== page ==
"As many of the infrastructure functions are being outsourced or handled in cloud environments, the persona of the chief intelligence officer is growing into one of the most essential," Wang says.
4. Chief "Innovation" Officer
Investing 5 percent to 10 percent of the overall budget, chief innovation officers must drive innovation on a shoestring, according to the report. This persona typically has a business background and "moves fast, fails fast and moves on."
"The chief innovation officer is probably the toughest persona that CIOs will have difficulty adopting," Wang says. "This requires a good understanding of the business strategy as well as keeping up to date with a large amount of disruptive technology. Often times, these technologies are not covered in the market and require early adopter teams."
As for core skills, Wang notes that next-generation CIOs will need the ability to:
1. Quickly assess which disruptive technologies show promise for their organizations.
Leading organizations will reinvest in research budgets and internal processes that inform, disseminate and prepare their organization for an increasing pace in technology adoption.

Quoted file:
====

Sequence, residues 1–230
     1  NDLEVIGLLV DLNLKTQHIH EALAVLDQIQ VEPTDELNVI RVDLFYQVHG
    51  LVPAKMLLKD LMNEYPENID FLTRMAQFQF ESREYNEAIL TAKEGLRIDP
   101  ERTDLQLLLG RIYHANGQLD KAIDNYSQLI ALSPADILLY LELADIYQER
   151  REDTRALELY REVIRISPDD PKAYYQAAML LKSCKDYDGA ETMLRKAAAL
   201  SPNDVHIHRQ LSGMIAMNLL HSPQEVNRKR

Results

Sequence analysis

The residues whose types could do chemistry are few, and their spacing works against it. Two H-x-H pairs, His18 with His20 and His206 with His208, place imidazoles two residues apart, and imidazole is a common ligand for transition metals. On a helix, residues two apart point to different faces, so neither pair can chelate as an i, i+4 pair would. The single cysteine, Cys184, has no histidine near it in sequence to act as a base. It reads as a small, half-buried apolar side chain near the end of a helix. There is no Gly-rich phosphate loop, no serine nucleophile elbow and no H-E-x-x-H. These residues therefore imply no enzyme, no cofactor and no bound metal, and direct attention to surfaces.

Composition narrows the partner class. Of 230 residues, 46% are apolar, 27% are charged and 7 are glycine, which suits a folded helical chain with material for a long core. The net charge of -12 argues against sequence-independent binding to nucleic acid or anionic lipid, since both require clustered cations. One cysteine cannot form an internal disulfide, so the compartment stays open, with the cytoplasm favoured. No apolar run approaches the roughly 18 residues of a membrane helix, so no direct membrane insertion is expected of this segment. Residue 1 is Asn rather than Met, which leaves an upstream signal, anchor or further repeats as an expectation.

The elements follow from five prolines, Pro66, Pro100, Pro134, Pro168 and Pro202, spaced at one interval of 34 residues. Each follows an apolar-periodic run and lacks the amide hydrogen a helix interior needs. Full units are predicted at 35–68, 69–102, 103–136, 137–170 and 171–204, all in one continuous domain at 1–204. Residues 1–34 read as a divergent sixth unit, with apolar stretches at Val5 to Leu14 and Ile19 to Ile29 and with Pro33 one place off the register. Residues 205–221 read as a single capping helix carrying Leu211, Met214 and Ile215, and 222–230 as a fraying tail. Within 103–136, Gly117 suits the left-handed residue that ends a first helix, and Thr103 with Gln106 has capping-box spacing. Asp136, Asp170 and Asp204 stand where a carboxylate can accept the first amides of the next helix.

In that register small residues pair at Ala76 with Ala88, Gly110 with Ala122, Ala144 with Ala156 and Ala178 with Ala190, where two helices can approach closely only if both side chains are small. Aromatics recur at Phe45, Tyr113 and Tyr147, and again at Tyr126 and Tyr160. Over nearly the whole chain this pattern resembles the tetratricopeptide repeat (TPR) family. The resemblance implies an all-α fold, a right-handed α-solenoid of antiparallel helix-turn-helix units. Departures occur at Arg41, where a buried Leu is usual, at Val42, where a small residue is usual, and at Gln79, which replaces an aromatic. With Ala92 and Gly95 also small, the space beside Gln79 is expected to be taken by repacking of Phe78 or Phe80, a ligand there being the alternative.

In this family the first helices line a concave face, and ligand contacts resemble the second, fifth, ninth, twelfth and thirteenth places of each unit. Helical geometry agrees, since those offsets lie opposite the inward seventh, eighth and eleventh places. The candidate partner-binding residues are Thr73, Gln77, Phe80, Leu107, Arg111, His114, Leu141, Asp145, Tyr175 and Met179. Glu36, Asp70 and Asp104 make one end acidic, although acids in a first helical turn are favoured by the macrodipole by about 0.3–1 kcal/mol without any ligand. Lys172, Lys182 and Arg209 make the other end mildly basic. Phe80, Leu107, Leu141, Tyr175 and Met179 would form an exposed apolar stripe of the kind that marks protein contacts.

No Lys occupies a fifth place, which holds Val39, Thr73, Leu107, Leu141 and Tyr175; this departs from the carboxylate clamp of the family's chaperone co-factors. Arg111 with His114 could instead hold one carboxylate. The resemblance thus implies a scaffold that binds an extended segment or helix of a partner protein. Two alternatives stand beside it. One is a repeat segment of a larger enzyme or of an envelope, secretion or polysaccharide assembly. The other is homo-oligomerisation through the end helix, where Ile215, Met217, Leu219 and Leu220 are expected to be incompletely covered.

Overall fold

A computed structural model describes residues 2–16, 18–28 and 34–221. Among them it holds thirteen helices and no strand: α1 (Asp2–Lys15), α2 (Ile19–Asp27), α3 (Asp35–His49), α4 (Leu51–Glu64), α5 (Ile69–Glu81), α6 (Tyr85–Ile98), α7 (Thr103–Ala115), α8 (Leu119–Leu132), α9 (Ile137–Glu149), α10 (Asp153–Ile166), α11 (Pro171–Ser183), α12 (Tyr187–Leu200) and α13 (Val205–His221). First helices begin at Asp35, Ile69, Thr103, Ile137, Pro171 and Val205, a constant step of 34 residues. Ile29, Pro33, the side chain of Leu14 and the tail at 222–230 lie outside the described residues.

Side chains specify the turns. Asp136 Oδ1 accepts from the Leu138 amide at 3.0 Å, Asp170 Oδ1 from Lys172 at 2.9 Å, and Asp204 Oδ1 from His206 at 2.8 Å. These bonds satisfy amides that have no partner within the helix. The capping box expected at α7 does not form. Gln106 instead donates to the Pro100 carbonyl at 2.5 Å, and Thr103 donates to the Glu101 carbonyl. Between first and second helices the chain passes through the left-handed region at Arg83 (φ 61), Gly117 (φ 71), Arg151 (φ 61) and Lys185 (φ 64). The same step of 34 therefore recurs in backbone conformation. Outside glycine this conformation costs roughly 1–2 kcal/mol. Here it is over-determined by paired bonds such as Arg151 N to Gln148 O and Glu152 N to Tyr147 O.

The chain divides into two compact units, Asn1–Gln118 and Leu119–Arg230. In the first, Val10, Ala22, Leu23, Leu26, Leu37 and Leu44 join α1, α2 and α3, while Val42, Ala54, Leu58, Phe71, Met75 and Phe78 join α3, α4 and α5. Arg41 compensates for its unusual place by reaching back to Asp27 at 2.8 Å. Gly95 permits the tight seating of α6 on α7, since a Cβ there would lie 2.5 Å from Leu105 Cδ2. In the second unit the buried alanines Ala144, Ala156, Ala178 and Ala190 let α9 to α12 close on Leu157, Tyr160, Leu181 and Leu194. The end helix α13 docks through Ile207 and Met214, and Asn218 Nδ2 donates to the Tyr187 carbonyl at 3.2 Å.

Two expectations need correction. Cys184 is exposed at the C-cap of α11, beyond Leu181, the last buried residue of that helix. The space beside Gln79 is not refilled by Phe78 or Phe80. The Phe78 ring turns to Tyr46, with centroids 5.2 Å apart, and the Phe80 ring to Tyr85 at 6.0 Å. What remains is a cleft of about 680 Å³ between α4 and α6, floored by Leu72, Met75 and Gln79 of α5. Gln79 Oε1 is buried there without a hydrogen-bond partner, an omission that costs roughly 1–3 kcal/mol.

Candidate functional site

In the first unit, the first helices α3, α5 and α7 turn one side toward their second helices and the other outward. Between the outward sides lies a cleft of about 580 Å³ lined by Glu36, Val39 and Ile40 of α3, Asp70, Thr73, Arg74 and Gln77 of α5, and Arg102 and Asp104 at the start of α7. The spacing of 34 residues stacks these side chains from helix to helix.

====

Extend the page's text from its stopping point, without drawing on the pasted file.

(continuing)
2. Design next-gen business models.
IT leaders must identify where these technologies can create differentiation through new business models, grow profit and deliver money-saving market efficiencies.
3. Fund innovation through legacy optimization.
IT budgets are expected to remain relatively flat through 2011. As a result, much of the disruptive technology and next-gen business models must be funded through optimizing existing investments.
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